Where This Meets That
“If I’d have known I was gonna live this long, I’d have taken better care of myself.” – Anonymous
For a time, after my failed diet in 2011, I pondered undergoing gastric bypass (GBP) surgery.
I felt hopeless, powerless, and exhausted by my failing struggle. I wondered if GBP might be an easier way.
The more I thought about it, though, I began to realize that I was the problem. Not my stomach. Not my culture. Not my genetics or the way I was raised.
I was the one responsible for my weakness. And the more I thought, the more I realized that I had very literally surrendered my own personal sovereignty. And to what foe? Food.
Sure, some doctor could cut on me and add further “incentives” upon me to take control of my diet, but ultimately he couldn’t change me. I was the only one who could decide to reclaim ownership of myself.
As a Christian, I hated my personal hypocrisy of being a fat one. As an American, I hated my culpability for the stereotype of being a fat one. As a parent of impressionable children, I hated my example of being a fat one. As a husband, for reasons far too numerous to list here, I hated being a fat one. And for myself, whom I had willingly sabotaged and deceived for so long?
Overcoming obesity is a hard feat. One of the hardest in all the world. But as I tell my kids and desperately want them to believe, that’s no excuse when something is the right thing to do.
In the five months between January 4 and June 3 of last year, I lost fifty pounds. Since that time, I’ve made a bit of a “round trip,” losing eighteen more to reach my low point of 242 pounds on October 28 only to return to my June 3 mark of 261 this past weekend.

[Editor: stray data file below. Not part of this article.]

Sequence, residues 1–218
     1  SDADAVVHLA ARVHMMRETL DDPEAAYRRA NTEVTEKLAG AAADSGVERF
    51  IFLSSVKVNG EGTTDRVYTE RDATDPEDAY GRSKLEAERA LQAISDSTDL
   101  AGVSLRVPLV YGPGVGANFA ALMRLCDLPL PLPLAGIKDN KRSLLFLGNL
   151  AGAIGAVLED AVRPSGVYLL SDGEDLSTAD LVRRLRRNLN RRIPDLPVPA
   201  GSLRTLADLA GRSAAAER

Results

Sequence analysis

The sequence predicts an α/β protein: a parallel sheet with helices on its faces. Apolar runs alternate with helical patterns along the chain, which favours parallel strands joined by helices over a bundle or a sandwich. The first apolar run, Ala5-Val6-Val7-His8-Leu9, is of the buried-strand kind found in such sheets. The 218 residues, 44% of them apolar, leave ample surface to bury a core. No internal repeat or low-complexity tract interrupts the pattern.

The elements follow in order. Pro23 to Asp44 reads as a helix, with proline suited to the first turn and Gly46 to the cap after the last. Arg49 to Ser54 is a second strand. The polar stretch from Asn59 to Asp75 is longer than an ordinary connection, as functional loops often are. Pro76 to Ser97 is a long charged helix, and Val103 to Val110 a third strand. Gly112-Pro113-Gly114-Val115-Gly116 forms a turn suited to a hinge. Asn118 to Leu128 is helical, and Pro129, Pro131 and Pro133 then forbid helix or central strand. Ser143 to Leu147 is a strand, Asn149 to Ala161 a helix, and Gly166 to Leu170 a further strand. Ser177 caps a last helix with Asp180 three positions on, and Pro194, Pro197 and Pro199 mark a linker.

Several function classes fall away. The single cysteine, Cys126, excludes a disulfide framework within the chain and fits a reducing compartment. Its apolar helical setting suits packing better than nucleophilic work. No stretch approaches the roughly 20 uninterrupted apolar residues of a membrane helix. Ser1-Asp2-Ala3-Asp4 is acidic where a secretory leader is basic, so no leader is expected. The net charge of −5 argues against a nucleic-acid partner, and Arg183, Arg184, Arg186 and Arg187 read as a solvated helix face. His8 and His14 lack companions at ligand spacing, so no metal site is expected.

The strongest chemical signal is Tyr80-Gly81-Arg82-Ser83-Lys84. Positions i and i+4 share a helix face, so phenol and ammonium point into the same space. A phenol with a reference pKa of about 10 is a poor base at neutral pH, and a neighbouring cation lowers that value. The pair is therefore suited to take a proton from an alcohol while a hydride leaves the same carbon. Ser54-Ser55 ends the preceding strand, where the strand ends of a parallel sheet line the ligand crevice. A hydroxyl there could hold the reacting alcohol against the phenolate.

This presents an interesting “fork in the road” concerning attitude. I could lose heart at having arguably wasted the last eight months, or I could count my blessings that I still have fifty pounds behind me that were once, very literally, weighing me down.
I must take the latter attitude and, if I’m serious about self-rule, immediately re-assert my will to regain lost ground.
In order to get my head back on track, I have revisited many of my posts from last year, when I was having my greatest success. It has definitely been a good refresher, so I’ve decided to re-post some of what I found most effective here in concentrated form, both for my own good and for that of my fellow would-be weight-losers who weren’t on board back then.
Discipline is the Key
“Love is the core of Jesus’ philosophy. But, in order to love you must be free. For to love is to give your self freely and without reservation. Yet, to give your self – to another person, to an endeavor, or to God – you must first possess your self. This possession of self is freedom. It is a prerequisite for love, and is attained only through discipline.” — Matthew Kelly
Successful weight management comes down to two things:
What you lack in the first, you must make up for with the second. But how to direct your desired discipline for optimal results is the fundamental question.
Conventional wisdom says you should cut calories and increase activity, but conventional wisdom is flawed; calories are what fuel increased activity. What we eat is more critical to weight management than how much we eat.
Following are general eating guidelines that have worked wonders for me when I have faithfully adhered to them. I have one hundred percent confidence that they will lead me to my goal; discipline is the key.
My diet is very simple, but it’s not easy at the start. It is TOUGH to break free from the carb culture we’ve all been formatted to. However, after only two weeks of zealously cutting out processed carbs and starches, your bodily aches diminish, your energy levels become more consistent (no sugar crashes), and you gain a very real sense of cobwebs clearing.
Extra Eating Notes
As I said before, the hardest part is getting started. After only a few weeks of seeing my weight drop and feeling my quality of life improve, I had no doubt that this was the way to eat for long-term health. That doesn’t mean I haven’t been vulnerable to being lured back to the “dark side” of doughnuts and bread sticks. In fact, I’ve spent much of the past month there, but it’s time to get back in the light!
I hope reading this helps you as much as it helped me to compile it! Looking forward to my weigh-in on Sunday!